This title appears in the Scientific Report : 2020 

Comprehensive analysis of metabolic sensitivity of 1,4‐butanediol producing Escherichia coli toward substrate and oxygen availability
Pooth, Viola
Gaalen, Kathrin / Trenkamp, Sandra / Wiechert, Wolfgang / Oldiges, Marco (Corresponding author)
Biotechnologie; IBG-1
Biotechnology progress, 36 (2020) 1, S. e2917
Malden, MA Wiley 2020
Journal Article
Please use the identifier: in citations.
Please use the identifier: in citations.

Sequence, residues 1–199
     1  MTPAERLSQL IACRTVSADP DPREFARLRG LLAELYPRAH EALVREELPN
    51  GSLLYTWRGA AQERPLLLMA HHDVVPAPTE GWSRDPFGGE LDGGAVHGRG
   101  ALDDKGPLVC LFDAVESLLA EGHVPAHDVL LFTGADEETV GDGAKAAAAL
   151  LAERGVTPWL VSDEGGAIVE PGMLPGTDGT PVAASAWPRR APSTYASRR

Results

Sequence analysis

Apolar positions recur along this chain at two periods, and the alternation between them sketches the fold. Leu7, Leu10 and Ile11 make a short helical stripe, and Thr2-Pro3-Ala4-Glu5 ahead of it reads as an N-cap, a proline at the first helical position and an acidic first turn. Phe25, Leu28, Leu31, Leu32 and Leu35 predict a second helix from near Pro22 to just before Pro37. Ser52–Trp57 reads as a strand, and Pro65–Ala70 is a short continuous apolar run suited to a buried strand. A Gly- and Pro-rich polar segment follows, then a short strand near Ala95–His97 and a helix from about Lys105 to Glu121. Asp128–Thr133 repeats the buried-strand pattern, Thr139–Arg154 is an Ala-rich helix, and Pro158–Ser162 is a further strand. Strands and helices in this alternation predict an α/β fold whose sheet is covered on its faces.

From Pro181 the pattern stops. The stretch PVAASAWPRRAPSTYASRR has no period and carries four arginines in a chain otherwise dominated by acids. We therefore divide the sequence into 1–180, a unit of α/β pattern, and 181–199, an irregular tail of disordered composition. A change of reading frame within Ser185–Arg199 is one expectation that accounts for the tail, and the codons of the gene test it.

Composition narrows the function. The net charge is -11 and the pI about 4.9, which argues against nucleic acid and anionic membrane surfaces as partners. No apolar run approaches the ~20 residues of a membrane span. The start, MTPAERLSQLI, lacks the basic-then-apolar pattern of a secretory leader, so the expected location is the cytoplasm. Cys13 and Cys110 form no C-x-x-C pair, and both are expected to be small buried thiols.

Nowadays, chemical production of 1,4‐butanediol is supplemented by biotechnological processes using a genetically modified Escherichia coli strain, which is an industrial showcase of successful application of metabolic engineering. However, large scale bioprocess performance can be affected by presence of physical and chemical gradients in bioreactors which are a consequence of imperfect mixing and limited oxygen transfer. Hence, upscaling comes along with local and time dependent fluctuations of cultivation conditions. This study emphasizes on scale‐up related effects of microbial 1,4‐butanediol production by comprehensive bioprocess characterization in lab scale. Due to metabolic network constraints 1,4‐butanediol formation takes place under oxygen limited microaerobic conditions, which can be hardly realized in large scale bioreactor. The purpose of this study was to assess the extent to which substrate and oxygen availability influence the productivity. It was found, that the substrate specific product yield and the production rate are higher under substrate excess than under substrate limitation. Furthermore, the level of oxygen supply within microaerobic conditions revealed strong effects on product and by‐product formation. Under strong oxygen deprivation nearly 30% of the consumed carbon is converted into 1,4‐butanediol, whereas an increase in oxygen supply results in 1,4‐butanediol reduction of 77%. Strikingly, increasing oxygen availability leads to strong increase of main by‐product acetate as well as doubled carbon dioxide formation. The study provides clear evidence that scale‐up of microaerobic bioprocesses constitute a substantial challenge. Although oxygen is strictly required for product formation, the data give clear evidence that terms of anaerobic and especially aerobic conditions strongly interfere with 1,4‐butanediol production.